Geared up and ready to work.

When Alex turned 13 I couldn't ignore the reality that adult hood was coming.  I had to start making some hard realizations.  A cure wasn't coming.  Conversational language may never happen and behaviors (or some of them) weren't going to go away.  This could be the rough outline of the future.

We all go through this.  We grieve when we get the diagnosis, we do all we can and at some point we make peace with what isn't going away.  Making this peace with Autism is a softer grief.  I still think about a life without the struggle but the emotional scar tissue is a buffer.  I  feel pride at how hard our kids work to make gains, so much harder than their typical peers.  And in those rare moments there is so much beauty it's almost painful.

 So I started making my peace with Autism.  I stopped looking at every behavior as as something that needs to be changed or worked on.  I believe that Alex can learn, work and have very visible Autism.  

Making my peace with Autism was the first step.  The next step is getting his community to make peace with Autism, they have a tsunami of adults with Autism headed their way.  The community is going to have to adapt. Somebody recently asked me what I hoped for in Alex's future.  I said I wanted Alex to be part of a community that Alex can move freely in.  I want him to be able to take the bus independently. I want him to be seen as a person living with a disability.  He might be jumping in place, he might be speaking some Disney movie script but he isn't seen as a threat, he's not on crack, he's a person with Autism.  I want Autism recognizable in the way that Downs Syndrome or Cerebral Palsy is recognized.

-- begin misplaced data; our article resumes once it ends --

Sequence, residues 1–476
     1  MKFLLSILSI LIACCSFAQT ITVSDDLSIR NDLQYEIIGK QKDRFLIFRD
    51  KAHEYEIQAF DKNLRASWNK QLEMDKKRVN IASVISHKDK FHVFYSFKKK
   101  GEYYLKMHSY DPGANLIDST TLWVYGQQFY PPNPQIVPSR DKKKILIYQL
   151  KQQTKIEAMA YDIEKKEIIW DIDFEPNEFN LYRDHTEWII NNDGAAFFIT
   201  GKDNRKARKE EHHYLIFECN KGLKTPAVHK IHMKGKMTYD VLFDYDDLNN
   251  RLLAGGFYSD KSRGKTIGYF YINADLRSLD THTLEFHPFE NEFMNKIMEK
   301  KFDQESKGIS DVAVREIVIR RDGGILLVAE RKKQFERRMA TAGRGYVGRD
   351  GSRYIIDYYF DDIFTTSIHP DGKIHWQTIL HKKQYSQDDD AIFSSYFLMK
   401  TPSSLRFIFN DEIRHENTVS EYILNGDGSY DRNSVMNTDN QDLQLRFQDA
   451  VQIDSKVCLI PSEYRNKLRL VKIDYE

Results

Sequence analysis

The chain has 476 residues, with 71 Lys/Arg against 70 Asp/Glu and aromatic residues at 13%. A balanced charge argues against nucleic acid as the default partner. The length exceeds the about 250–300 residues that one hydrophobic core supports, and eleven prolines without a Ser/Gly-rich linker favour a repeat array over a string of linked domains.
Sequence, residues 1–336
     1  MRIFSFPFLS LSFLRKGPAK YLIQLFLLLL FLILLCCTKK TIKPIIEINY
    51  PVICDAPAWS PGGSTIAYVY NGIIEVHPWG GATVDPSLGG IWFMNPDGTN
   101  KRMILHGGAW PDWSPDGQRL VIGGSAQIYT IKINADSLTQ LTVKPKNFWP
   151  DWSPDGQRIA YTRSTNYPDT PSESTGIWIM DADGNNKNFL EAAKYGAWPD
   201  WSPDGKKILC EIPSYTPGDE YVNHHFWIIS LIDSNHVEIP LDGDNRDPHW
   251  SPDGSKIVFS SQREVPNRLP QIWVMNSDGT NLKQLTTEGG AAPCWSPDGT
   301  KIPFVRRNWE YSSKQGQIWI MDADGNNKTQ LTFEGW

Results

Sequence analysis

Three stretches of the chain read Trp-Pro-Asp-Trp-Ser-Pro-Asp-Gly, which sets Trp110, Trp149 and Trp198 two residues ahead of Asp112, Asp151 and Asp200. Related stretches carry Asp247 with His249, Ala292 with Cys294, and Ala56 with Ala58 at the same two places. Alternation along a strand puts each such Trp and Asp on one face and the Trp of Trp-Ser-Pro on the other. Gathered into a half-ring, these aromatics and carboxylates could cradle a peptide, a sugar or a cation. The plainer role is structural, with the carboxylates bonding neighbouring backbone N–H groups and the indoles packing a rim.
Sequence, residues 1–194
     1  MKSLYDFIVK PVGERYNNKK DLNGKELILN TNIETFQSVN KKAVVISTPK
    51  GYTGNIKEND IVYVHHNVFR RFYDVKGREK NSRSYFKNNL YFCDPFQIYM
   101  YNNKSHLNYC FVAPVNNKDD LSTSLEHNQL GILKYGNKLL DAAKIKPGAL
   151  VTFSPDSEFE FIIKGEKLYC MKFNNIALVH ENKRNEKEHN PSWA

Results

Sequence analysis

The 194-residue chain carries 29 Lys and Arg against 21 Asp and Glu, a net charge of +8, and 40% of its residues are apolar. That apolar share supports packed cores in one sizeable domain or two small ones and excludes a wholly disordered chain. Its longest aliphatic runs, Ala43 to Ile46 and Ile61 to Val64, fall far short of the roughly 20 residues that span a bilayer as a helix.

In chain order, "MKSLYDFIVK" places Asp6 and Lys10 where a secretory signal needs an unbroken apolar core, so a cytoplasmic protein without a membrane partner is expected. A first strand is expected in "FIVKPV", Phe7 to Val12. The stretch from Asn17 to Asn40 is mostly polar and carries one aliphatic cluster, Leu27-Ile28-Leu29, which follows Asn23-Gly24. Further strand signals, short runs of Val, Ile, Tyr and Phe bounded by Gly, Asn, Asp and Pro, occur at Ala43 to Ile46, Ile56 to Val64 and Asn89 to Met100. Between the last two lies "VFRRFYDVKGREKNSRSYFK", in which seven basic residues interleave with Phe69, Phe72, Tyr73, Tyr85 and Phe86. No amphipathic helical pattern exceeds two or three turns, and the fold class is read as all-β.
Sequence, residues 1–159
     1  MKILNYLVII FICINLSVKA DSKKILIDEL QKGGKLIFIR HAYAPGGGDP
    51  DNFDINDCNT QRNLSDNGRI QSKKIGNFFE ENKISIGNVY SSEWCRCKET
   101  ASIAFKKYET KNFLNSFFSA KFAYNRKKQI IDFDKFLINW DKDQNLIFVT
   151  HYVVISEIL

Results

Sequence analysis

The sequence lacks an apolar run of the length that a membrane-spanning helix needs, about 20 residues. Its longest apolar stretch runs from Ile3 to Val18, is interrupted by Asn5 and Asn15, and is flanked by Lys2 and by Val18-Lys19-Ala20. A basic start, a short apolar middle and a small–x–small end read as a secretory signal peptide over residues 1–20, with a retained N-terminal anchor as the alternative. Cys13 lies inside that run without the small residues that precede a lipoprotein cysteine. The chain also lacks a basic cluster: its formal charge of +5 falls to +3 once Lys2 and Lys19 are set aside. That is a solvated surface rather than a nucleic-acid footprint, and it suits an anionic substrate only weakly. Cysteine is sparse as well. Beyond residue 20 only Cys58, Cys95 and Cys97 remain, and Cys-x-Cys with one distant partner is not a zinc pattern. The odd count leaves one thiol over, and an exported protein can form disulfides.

We do this by taking our kids in public, early and often.  I don't want to minimize to other parents how hard it is.  Our kids can look strange or scary to the uneducated.  I took Alex to the grocery store today.  He needed his industrial headphones, which he likes to wear over his pulled up hoodie.  He weaves through people a little too fast, always seems poised to break out in a run while pushing the cart, (which has happened) he usually has to take a jumping moment when bagging the groceries.  We get noticed.  People get flustered.  I can get the stink eye and comments from strangers. When we finally get to the car to leave I feel like I've worked an 8 hour day. And I'm going to keep doing it.  People need to see that our kids can participate in public life.  Our kids don't need to be separated from their communities.

 This is  the how we put a human face on Autism.  It's the way others see how much our kids CAN do.  The cashiers at the grocery store know Alex.  They always say 'Hi', they are not offended if Alex doesn't always respond.  They know to wait an extra minute (or two) if Alex needs to jump before using the debit card to pay.  They don't act worried or scared at his behavior.  That lady that gave me the stink eye in produce?  She's watching the cashier say "Hi Alex." and wait, wait, wait for him to pay.  She notices that the cashier and I don't look worried when Alex jumps.  She's watching someone with Autism participate in their community.   People got used to Downs Syndrome and Cerebral Palsy, wheel chairs and sign language, they can get used to some jumping and Disney speak.

Our family got some serious stink eye this month.  We also had the Alex's community reach out to us in ways I never expected.  They are ready to accept our kids, they just need the opportunity to meet them.